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Year 2

By the end of Year 2, most children should:

 

  • show their developing understanding of chronology by arranging events or objects in chronological order on a simple timeline, e.g. one showing: now, when I was born, when mummy was born, when grandpa was born;
     
  • identify similarities and differences between ways of life in different periods;

 

  • begin to recognise that there are reasons why people in the past acted as they did;

 

  • begin to recognise the different ways in which the past is represented;

 

  • be able to detect different versions of the same event;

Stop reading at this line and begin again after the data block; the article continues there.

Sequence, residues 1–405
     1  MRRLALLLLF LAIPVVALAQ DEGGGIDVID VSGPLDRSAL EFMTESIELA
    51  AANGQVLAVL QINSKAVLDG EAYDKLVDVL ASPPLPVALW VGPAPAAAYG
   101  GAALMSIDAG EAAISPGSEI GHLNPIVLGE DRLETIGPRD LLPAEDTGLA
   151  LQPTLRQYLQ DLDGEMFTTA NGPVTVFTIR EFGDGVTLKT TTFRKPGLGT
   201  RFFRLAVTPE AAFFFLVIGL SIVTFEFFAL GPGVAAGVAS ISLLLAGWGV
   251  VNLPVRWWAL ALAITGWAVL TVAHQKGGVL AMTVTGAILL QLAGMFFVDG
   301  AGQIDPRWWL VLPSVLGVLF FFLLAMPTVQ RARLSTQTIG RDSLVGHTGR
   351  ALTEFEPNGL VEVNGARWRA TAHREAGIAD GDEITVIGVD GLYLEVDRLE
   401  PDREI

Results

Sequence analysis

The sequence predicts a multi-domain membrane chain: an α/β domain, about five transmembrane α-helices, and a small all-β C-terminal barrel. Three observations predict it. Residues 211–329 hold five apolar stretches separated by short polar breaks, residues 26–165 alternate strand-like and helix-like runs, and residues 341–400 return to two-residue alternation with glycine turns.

• build up a knowledge of the past using photographs, books and artefacts;

 

  • use historical questioning to find out about the past;

 

  • recount some aspects of the past beyond living memory and some facts about the main events and people that they have learnt about; and
     
  • be given the opportunity to learn about significant events beyond living memory (specifically the Great Fire of London) and the lives of significant individuals in the past who have contributed to national and international achievements (Florence Nightingale and Edith Cavell).

 

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